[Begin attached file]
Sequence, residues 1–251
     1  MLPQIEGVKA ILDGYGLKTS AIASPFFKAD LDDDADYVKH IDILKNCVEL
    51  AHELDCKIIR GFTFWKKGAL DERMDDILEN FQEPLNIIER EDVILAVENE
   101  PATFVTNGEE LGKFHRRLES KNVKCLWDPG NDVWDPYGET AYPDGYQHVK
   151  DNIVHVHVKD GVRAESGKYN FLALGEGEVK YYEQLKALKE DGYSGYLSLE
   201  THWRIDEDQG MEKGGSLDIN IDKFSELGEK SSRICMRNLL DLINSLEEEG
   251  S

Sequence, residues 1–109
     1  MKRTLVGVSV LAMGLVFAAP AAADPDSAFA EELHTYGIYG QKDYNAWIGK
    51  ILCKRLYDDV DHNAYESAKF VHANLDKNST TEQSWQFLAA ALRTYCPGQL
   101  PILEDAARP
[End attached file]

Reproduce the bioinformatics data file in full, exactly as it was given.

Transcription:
Sequence, residues 1–251
     1  MLPQIEGVKA ILDGYGLKTS AIASPFFKAD LDDDADYVKH IDILKNCVEL
    51  AHELDCKIIR GFTFWKKGAL DERMDDILEN FQEPLNIIER EDVILAVENE
   101  PATFVTNGEE LGKFHRRLES KNVKCLWDPG NDVWDPYGET AYPDGYQHVK
   151  DNIVHVHVKD GVRAESGKYN FLALGEGEVK YYEQLKALKE DGYSGYLSLE
   201  THWRIDEDQG MEKGGSLDIN IDKFSELGEK SSRICMRNLL DLINSLEEEG
   251  S

Sequence, residues 1–109
     1  MKRTLVGVSV LAMGLVFAAP AAADPDSAFA EELHTYGIYG QKDYNAWIGK
    51  ILCKRLYDDV DHNAYESAKF VHANLDKNST TEQSWQFLAA ALRTYCPGQL
   101  PILEDAARP